Until June 30, Javier Soto was a rating specialist at the Veterans Benefits Administration St. Petersburg office.
But just days after delivering what he said is a blistering review of how the office handles veterans claims, Soto said he was laid off by director Kerrie Witty.
Monday night, Soto testified before the House Veterans Affairs Committee about his experience at the office and the problems he says exist there.
“The pressure to focus on production and complete cases has resulted in less attention on quality to meet ‘numbers’ goals,” Soto said in his written statement for the committee.
Soto, whose official title was Rating Veteran Service Representative, also served as an official with the union representing office workers,
Officials from the St. Petersburg regional office say because of privacy issues, they cannot respond without written permission from Soto, who did not respond to phone calls and an email from The Tribune.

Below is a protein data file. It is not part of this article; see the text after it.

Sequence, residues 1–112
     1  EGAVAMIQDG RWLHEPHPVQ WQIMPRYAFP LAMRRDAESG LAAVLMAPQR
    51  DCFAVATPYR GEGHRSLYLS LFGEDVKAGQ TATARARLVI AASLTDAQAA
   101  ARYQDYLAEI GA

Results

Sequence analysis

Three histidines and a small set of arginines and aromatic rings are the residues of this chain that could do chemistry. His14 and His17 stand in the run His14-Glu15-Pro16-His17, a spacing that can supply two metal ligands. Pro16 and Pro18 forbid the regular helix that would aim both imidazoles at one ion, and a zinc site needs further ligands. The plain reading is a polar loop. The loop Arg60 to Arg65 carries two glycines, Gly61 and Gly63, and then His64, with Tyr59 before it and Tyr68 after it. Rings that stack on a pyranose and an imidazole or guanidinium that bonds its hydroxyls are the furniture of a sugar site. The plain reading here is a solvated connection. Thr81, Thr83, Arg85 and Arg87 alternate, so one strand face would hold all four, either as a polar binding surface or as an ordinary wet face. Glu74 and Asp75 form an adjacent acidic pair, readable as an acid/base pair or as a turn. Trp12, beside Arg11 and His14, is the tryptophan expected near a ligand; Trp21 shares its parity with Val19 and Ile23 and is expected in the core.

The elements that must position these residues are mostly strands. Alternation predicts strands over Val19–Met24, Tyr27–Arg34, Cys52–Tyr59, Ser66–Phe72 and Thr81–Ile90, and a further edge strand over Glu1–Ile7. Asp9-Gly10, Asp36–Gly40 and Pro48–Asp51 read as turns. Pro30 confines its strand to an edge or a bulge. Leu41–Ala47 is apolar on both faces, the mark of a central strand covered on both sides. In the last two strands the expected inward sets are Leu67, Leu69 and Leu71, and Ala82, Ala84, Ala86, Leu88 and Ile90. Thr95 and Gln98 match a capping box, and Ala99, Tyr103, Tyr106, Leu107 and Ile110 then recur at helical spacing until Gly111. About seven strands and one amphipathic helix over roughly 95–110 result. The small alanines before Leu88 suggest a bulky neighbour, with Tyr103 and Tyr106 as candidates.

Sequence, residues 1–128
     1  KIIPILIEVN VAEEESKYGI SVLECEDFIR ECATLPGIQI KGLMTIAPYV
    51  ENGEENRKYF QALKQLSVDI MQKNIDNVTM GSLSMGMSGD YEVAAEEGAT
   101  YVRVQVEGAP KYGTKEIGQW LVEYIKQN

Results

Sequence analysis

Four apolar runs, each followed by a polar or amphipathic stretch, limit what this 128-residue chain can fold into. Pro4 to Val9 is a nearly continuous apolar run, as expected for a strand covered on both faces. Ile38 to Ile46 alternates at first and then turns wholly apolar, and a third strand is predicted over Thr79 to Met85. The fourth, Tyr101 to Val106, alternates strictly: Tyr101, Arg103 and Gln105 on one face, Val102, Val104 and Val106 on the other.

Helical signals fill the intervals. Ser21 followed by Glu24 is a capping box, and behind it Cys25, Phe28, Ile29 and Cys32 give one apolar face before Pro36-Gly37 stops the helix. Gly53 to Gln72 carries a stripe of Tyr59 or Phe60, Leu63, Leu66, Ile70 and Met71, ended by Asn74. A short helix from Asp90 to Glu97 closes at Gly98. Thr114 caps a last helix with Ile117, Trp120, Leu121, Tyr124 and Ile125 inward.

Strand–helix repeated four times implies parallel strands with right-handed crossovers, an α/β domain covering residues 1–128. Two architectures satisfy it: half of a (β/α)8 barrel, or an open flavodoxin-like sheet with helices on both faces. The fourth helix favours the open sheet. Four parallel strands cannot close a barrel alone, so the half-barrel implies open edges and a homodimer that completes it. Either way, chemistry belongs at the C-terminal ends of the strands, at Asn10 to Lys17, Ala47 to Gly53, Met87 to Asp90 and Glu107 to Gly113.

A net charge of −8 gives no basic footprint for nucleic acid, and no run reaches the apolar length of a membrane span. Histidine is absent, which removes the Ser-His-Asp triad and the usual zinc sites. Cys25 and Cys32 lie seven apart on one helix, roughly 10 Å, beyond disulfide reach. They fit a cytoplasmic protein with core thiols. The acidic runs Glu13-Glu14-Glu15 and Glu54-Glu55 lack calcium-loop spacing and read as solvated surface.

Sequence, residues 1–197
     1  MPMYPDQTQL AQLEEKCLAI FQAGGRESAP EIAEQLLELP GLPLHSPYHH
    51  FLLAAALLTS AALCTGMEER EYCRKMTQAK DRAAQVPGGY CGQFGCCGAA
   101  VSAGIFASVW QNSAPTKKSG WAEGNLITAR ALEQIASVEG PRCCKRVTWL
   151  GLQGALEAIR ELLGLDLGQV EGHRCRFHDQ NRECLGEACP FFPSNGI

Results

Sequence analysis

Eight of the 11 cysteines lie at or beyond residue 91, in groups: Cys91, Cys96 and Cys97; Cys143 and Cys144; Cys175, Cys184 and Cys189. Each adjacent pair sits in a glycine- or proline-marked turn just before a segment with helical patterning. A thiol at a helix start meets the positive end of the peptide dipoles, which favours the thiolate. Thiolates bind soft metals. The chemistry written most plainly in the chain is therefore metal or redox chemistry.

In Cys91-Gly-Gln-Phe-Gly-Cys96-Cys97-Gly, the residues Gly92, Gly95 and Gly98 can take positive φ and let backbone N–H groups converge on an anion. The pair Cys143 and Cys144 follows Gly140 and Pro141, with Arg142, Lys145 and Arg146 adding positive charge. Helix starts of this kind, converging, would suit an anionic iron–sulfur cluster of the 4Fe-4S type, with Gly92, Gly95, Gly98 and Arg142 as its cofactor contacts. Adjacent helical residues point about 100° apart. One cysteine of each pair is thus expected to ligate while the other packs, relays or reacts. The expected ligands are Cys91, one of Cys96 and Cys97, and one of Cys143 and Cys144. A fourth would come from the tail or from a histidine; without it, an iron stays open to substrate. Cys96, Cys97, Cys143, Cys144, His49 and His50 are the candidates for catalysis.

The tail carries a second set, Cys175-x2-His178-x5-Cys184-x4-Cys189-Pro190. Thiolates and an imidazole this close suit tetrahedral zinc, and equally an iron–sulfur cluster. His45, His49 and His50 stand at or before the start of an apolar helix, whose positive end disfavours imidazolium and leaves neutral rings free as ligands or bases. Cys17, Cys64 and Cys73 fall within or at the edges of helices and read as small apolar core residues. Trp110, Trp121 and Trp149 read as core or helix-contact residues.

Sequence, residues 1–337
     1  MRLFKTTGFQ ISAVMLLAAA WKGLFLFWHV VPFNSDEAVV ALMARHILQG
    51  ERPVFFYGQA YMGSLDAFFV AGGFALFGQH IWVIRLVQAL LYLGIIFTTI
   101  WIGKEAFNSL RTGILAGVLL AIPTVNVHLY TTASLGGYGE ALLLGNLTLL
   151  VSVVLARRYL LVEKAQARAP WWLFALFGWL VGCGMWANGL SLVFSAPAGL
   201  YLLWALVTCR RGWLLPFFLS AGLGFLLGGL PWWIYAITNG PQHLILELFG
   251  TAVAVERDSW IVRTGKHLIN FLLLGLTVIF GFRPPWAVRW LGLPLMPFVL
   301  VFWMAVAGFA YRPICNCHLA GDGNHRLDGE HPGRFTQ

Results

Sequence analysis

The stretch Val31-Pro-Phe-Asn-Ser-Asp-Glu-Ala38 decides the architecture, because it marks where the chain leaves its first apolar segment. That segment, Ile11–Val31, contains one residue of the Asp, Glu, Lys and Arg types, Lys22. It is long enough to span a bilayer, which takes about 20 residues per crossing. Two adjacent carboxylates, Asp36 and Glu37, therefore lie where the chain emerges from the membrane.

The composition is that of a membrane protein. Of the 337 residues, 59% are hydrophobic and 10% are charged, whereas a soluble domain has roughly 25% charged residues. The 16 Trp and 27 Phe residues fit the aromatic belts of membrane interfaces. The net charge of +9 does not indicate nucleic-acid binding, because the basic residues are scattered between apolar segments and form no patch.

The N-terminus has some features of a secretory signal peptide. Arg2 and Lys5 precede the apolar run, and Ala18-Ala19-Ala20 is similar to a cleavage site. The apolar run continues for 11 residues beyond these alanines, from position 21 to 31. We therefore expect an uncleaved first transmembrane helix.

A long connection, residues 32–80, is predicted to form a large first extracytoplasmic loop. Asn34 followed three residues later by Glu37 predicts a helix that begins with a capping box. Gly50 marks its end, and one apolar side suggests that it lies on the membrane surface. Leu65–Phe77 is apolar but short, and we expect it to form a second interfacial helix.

Various system changes “seem to shift the burden to the veteran to prove the claim, or hide claim processing times, and may violate certain goals of the duty to assist,” Soto wrote in his testimony to the committee. “While quality control methods are touted nationally as the measure of overall claims processing quality, local internal employee quality reviews show high error rates locally, and disagreements on what is a quality error and how to evaluate evidence. In order to move cases faster, it seems the focus is on less time for veterans to submit evidence or for VA to obtain it, to close the record faster, with the observation that there may be an increase in denial of claims at my former office as a result.”
U.S. Rep. David Jolly, a committee member whose district contains the regional office, said he is looking into the best way to investigate Soto’s claims.